Japan (MNN) — Japanese Prime Minister Shinzu Abe brought dissatisfaction and caused a stir in several Asian countries with his 70-year commemoration World War II speech.
But Asian Access is working to bring peace and unity throughout the Asian and global church.
During his speech, Abe expressed grief and reaffirmed past apologies from Japanese leaders for the actions the country took in the war, as well as the losses it suffered.
“History is harsh,” he said. “What is done cannot be undone.”
Abe later added a twist to his apology, which has attracted complaints. “We must not let our children, grandchildren, and even further generations to come, who have nothing to do with that war, be predestined to apologize,” he said.
Reports and leaders of neighboring countries have expressed their frustration and described his speech as a “watered-down apology.”
Gerald L. Curtis, an expert on Japan at Columbia University, told the Washington Post Abe’s speech didn’t satisfy anyone. But Curtis did point out the Prime Minister included the four “sacred words” past Japanese leaders have used in commemorative speeches: aggression, colonialism, apology, and repentance.
“Even if not in first-person declaratory sentences,” Curtis said. “ And, he did not say anything so outrageous as to make an angry response unavoidable.”
But even so, Abe’s speech irritated retorts. According to the Japan Times News, China called his speech “evasive.”
“We know that the statement that ‘we should no longer apologize’ will be taken by Chinese government as quite negative,” says Takeshi Takazawa of Asian Access.
Takazawa further explains that the Chinese government will view Abe as not taking full responsibility of the pain Japan inflicted on China and several other neighboring countries in the war.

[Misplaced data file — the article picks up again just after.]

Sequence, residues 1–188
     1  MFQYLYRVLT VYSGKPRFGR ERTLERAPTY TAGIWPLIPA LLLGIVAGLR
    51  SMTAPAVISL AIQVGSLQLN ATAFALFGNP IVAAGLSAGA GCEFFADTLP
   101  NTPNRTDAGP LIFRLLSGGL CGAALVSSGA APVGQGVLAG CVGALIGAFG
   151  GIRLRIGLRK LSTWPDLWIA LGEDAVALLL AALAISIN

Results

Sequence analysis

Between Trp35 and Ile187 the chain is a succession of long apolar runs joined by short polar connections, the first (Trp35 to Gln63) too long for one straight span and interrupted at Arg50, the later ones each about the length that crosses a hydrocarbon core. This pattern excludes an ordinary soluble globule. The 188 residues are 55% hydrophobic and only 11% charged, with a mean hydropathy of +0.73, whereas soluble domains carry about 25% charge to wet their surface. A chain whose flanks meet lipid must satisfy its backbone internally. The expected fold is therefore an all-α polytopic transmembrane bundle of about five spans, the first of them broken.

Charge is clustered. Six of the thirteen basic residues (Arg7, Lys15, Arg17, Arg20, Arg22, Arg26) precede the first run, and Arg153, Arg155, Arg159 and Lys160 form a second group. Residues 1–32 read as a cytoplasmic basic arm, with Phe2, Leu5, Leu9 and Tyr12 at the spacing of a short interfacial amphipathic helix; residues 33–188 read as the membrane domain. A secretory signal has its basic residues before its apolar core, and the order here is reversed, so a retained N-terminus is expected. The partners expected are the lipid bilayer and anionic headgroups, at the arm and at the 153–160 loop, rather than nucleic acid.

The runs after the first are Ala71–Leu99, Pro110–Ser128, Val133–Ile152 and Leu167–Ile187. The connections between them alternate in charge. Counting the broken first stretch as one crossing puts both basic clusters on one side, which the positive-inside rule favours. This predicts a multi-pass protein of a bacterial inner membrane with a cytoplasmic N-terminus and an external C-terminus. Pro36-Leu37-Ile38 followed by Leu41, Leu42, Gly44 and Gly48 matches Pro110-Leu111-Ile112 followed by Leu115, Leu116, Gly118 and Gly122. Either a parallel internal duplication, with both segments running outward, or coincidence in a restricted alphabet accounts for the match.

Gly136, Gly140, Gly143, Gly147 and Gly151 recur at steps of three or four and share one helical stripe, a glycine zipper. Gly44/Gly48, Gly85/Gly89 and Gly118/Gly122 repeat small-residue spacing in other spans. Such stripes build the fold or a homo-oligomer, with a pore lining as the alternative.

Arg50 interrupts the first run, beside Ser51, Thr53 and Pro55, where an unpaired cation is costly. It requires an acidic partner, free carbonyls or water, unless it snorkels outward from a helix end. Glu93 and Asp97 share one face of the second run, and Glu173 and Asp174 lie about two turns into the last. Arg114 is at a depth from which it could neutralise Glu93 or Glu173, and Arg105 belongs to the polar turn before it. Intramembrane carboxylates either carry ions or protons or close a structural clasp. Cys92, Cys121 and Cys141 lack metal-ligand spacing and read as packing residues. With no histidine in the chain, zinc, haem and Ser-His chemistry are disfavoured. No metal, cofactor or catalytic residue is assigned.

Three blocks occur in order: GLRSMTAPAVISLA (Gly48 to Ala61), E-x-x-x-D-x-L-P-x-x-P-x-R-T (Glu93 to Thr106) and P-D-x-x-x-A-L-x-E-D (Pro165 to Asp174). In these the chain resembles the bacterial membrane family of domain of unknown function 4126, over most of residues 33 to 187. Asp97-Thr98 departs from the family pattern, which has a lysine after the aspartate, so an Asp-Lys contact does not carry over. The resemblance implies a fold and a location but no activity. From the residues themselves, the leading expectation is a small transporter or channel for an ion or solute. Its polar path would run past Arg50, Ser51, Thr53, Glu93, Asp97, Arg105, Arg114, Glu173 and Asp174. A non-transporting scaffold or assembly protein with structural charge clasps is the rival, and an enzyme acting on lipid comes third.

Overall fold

Foreign ministry spokeswoman Hua Chunying said Japan had “inflicted untold sufferings” on these countries during a press conference.
In response to earlier accusations, Japan said China has been dwelling on the past for far too long.
Though the diplomatic relationship between the two countries has been restored for some 40 years, tensions are still thick, and it’s taking a toll in the lives of younger generations.
Japan has been revising textbooks in schools for several decades. The books are now covering less of the events leading up to, during, and after World War II, as well as Japanese invasions.
“On the contrast, China and Korea–South Korea and North Korea–continue to educate young people what Japan has done,” Takazawa says. “So the gap between the understanding of what has happened during the war has been widened, especially among young generations.”
90-year-old war veteran, Mai Sanyi told Yibada News, Japan needed to become more sincere and should stop revising textbooks to “gloss over history.”
South Korean President Park Geun-hye also commented, “History can never be covered up. History remains alive through its witnesses’ vivid testimony.”
What is Asian Access doing?
The best move right now is to promote healing and unity, and that’s exactly what Asian Access is bringing to the 11 countries it serves in Asia.
“We encourage spiritual leadership to take a step toward the future with the kingdom values,” Takazawa says. “We encourage [the] church to continue to keep the unity not just within Japan, but within the Asian churches as well.”
You can take part in that encouragement by joining the global church in prayer for one another to have fellowship, for governments in Asia to have wisdom and to move forward with the Lord’s values in mind.
Finally, Asian Access invites you to go to Japan and encourage believers and on-the-ground staff. Find details here.